Non-invasive Procedure for Relieving Spinal Stenosis

Brad Goodman, MD

The only surgical course for those suffering from moderate lumbar spinal stenosis used to be open back surgery. But two years ago, a new option entered the physician's arsenal. "The success rate has been overwhelmingly positive," says Brad Goodman, MD, a physiatrist with Alabama Ortho Spine and Sports in Birmingham.

Goodman was the first physician in the U.S. to perform the Superion Indirect Decompression System (IDS) procedure and still remains the only one performing it in Alabama.

Lumbar spinal stenosis (LSS) usually results with aging. The spinal canal narrows, infringing on the nerves causing pain, numbness, tingling and/or weakness in the back and legs. The distress intensifies with standing and walking and dramatically improves when sitting or bending over. The trademark stance for someone seeking relief from LSS makes them look like they are hunched over pushing a shopping cart.

Though not a cure-all for all the leg and back pain caused by LSS, the impact of this procedure has been notable. Of the 60 patients treated by Goodman using the Superion IDS, 80 percent were functioning at a much higher level, including around 50 percent reduction in pain. Less than five have gone on to have traditional surgery so far

In the clinical trial in 2,000 patients worldwide, results showed leg pain improvement equal to or better than found in the traditional surgical options. Four years after their surgery, 90 percent of those trial patients reported continued satisfaction.

"What's really important is that these people have a problem with which the only solution used to be major back surgery," Goodman says. "But they found relief with something far less invasive."

The Superion IDS process requires only an inch-long incision and is handled as an out-patient procedure. "It's even less invasive than other minimally invasive procedures, like laparoscopy," Goodman says.

A small tube is then inserted between the spinous processes. Then the implant is deployed. "It looks like a little bullet, and it has wings that are opened with a screwdriver once it is in place," Goodman says. The process takes less than an hour and requires no bone or tissue loss.

The titanium implant works like a little jack or shoehorn, so when the patient stands erect, it blocks that level of the spine from being able to fully extend backward. "By blocking extensions, it puts that level in a little bit of flexion which is what happens when a patient seeking relief sits or bends forward. It decompresses the back," Goodman says.

Recovery is much like with an epidural block. Patients are given very light sedation for the procedure and are sent home an hour or two later with a few staples to be removed a week later. "Generally speaking, patients are pretty much able to do basic activities the next day," Goodman says.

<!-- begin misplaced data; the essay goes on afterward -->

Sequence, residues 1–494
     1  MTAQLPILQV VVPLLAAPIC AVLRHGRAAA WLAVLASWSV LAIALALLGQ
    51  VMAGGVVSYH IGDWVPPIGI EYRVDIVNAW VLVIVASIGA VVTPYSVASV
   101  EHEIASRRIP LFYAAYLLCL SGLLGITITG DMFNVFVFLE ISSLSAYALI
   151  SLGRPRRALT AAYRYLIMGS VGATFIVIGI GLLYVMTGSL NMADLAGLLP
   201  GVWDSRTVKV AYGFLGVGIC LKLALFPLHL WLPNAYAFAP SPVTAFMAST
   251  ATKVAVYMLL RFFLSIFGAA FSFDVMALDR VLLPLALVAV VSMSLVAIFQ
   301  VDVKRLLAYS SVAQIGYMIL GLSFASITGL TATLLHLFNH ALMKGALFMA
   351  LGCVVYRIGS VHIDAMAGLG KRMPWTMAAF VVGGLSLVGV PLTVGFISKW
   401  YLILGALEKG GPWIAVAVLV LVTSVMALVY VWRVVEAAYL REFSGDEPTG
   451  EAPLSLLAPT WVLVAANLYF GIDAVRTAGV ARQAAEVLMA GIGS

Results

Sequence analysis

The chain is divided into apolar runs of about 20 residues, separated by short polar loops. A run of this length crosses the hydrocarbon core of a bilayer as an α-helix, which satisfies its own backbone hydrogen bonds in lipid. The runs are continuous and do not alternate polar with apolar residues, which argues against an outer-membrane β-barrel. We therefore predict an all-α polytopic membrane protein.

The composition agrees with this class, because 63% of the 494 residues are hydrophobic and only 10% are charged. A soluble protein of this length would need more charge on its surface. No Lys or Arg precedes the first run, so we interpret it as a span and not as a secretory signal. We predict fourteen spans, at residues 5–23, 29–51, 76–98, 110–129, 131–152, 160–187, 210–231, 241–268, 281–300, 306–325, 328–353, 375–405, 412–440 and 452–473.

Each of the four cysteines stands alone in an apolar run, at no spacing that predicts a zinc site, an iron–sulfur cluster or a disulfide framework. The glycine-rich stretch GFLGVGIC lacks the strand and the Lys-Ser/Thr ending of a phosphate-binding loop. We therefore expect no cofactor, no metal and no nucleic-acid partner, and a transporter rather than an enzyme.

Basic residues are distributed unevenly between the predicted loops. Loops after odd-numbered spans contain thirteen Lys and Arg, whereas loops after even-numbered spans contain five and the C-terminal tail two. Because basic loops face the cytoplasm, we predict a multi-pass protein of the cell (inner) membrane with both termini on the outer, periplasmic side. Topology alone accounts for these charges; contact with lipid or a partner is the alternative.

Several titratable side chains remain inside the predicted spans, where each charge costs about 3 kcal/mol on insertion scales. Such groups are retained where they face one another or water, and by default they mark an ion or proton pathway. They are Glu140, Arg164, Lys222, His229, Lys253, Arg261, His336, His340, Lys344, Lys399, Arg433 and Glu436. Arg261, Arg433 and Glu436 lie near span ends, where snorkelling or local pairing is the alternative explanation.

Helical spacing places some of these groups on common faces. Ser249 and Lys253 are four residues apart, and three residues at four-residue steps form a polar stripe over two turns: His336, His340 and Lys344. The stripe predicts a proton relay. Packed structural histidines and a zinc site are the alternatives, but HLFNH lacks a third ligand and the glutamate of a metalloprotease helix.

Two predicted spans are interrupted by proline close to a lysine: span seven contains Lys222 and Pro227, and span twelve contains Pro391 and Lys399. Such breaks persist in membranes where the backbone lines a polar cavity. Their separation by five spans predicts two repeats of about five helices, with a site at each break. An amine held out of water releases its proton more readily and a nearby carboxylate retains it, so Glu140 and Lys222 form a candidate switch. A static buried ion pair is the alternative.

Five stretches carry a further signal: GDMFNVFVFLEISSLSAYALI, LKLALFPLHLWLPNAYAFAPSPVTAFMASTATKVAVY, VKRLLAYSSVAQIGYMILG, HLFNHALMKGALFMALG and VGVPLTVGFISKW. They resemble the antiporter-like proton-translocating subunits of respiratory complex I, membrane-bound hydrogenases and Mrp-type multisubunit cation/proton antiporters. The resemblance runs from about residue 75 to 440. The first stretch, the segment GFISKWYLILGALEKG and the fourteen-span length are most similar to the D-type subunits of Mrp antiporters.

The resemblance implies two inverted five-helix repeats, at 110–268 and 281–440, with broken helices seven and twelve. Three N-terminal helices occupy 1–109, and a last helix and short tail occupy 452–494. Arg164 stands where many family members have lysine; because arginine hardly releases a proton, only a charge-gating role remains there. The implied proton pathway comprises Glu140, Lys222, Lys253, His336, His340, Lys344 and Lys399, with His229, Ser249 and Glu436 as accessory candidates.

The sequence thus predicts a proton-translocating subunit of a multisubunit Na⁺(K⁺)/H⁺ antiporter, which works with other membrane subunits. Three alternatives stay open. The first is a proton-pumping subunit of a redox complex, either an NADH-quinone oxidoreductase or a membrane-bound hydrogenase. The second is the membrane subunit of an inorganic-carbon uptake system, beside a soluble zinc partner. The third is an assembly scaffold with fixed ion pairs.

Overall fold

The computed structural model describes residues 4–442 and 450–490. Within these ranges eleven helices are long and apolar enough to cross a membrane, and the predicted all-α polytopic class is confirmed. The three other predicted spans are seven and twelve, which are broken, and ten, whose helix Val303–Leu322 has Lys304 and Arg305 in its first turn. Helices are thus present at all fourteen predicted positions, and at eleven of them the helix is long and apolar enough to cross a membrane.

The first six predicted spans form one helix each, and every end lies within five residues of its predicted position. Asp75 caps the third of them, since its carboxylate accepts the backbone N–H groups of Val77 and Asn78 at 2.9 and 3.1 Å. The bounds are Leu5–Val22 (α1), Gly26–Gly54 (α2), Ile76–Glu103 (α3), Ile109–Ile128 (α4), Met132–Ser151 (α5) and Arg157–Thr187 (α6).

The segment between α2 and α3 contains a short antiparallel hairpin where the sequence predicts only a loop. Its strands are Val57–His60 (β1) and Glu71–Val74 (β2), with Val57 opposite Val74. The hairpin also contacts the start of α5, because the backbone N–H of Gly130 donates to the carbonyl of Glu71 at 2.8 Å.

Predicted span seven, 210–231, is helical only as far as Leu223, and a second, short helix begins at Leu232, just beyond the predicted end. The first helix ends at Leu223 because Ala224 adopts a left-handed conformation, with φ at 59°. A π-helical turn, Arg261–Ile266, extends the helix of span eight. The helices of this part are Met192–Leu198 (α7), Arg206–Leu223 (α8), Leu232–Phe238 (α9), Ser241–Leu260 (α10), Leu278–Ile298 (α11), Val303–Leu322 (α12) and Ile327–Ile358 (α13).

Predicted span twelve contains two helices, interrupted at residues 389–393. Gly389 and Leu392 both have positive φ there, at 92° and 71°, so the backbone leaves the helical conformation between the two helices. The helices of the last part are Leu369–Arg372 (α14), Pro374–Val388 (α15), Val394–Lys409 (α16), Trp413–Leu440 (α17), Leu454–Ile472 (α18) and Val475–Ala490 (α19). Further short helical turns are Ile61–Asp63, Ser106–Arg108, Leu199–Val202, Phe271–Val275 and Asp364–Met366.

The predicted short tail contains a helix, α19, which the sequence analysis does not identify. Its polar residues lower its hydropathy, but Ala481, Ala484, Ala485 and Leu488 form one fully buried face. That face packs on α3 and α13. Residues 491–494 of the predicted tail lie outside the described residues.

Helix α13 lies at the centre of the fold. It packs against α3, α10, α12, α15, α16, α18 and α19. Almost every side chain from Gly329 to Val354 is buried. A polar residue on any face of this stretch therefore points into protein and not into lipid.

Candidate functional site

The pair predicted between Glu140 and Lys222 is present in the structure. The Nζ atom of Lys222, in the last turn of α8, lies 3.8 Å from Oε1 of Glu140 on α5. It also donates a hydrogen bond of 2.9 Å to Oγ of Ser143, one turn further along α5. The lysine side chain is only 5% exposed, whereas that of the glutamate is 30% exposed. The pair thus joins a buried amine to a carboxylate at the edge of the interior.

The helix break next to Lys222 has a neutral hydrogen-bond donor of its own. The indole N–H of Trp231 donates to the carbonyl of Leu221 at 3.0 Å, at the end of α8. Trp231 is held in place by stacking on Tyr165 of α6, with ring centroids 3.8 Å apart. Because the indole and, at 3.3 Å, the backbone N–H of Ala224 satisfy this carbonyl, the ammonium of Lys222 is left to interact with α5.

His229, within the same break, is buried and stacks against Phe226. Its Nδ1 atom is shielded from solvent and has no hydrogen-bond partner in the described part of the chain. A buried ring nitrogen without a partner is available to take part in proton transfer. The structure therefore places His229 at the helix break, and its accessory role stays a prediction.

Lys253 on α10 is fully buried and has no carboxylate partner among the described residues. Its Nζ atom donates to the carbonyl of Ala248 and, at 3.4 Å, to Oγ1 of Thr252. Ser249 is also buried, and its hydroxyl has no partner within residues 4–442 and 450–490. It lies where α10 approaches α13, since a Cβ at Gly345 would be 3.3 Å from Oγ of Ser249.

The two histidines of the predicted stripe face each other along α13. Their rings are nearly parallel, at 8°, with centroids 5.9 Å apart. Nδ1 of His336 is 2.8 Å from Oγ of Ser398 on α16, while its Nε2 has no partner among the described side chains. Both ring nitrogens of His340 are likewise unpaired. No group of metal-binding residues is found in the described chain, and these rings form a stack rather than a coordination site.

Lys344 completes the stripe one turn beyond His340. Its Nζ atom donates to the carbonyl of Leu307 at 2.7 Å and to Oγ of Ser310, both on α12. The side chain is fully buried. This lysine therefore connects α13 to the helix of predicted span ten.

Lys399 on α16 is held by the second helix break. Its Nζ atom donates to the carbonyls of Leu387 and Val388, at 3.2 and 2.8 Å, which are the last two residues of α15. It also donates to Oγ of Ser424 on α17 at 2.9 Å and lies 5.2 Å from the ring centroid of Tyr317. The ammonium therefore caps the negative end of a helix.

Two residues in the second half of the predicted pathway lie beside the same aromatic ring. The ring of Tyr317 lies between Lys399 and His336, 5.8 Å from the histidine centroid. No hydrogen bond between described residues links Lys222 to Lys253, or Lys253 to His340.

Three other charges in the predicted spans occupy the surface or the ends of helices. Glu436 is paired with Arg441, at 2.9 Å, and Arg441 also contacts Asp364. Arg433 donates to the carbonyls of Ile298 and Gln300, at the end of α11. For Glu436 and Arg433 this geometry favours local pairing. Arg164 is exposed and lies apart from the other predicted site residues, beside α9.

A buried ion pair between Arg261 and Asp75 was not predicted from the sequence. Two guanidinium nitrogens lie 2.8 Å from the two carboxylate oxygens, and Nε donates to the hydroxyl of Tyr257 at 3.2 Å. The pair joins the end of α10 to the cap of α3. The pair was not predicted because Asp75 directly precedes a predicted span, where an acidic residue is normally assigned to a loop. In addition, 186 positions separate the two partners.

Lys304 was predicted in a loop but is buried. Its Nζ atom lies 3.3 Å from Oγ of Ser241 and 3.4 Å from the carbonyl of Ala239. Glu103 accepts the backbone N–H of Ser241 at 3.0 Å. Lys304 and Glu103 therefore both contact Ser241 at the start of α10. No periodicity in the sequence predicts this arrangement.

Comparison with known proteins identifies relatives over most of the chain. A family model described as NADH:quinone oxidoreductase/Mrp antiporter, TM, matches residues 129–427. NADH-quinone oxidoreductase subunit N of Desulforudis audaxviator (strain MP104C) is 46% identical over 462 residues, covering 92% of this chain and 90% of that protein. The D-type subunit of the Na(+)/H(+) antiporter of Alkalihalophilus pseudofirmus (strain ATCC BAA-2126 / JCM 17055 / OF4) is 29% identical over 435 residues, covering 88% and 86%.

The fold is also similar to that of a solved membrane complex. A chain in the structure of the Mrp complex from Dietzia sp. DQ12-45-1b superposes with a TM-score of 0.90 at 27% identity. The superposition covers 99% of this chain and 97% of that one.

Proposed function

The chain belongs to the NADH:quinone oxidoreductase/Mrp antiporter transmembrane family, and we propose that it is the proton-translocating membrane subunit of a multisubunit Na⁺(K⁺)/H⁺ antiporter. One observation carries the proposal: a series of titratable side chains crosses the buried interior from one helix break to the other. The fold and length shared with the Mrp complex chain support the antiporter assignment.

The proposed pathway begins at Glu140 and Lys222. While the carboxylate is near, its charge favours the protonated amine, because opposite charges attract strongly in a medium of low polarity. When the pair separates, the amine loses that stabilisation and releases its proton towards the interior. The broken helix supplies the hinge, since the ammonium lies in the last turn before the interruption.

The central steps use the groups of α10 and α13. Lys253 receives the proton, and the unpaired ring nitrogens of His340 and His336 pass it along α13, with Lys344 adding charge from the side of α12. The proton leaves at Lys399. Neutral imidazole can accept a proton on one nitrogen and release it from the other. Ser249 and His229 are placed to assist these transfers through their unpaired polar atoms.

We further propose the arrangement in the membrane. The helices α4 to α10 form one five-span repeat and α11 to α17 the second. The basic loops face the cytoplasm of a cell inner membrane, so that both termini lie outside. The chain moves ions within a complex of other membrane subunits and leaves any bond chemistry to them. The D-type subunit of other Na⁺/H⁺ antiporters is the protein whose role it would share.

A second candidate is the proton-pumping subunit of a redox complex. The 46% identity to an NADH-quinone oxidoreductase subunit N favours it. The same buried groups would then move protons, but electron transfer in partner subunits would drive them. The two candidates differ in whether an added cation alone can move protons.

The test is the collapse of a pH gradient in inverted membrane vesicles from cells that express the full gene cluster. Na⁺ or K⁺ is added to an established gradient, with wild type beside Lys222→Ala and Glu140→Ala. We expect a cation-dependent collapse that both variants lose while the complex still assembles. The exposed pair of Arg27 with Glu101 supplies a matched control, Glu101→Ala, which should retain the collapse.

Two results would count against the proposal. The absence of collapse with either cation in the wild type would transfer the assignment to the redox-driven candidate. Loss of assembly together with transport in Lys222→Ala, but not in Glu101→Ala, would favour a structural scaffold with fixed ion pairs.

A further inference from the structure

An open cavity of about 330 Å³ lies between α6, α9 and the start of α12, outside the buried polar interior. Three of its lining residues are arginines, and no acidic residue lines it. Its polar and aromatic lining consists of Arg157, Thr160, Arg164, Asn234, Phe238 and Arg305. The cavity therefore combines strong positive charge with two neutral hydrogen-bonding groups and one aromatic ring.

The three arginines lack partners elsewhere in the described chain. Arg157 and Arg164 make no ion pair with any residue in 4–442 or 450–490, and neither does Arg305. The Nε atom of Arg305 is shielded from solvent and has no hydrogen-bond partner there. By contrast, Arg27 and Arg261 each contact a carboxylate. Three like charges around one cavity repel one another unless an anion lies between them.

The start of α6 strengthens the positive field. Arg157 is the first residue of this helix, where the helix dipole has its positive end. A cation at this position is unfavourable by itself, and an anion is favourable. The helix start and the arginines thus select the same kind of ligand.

Some patients feel so well that they have actually caused a small fracture in their back from being so active. "Because they feel so good afterwards," Goodman says. The fracture can negate the implant's positive effect and leave the patient back where they started. Research has not yet explored whether or not the Superion IDS method can be performed again in these conditions.

Small fractures of the spinous processes can also occur during placement. "This procedure is done in mostly older people, so their bones can be more brittle and soft," Goodman says. "But these fractures are a rare issue. They occur in less than five percent of the procedures.

"The result can displace the implant. But that doesn't necessarily affect the outcome. Most of those patients will still find relief. The ones who don't, aren't doing any worse."

The ideal patient for the Superion IDS has a significant amount of stenosis, been treated with non-surgical options for at least six months, and not had back surgery at that same lumbar level of the spine. "Four levels are potentially treatable with this procedure, but it is only approved for up to two levels," Goodman says. "That doesn't mean it wouldn't work for more, but it hasn't gotten the approval at this time."

Goodman points out that there is no downside to this procedure, relativity speaking, because Superion IDS patients can still opt for the more invasive decompression or spinal fusion surgeries. "The procedure doesn't burn any bridges," he says. "It doesn't work in reverse, though. You can't go back from open back surgery. In that case, the anatomy you need to put this device in has been removed."


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Birmingham Medical News, Brian Goodman, Jane Ehrhardt, spinal stenosis, Superion Indirect Decompression System


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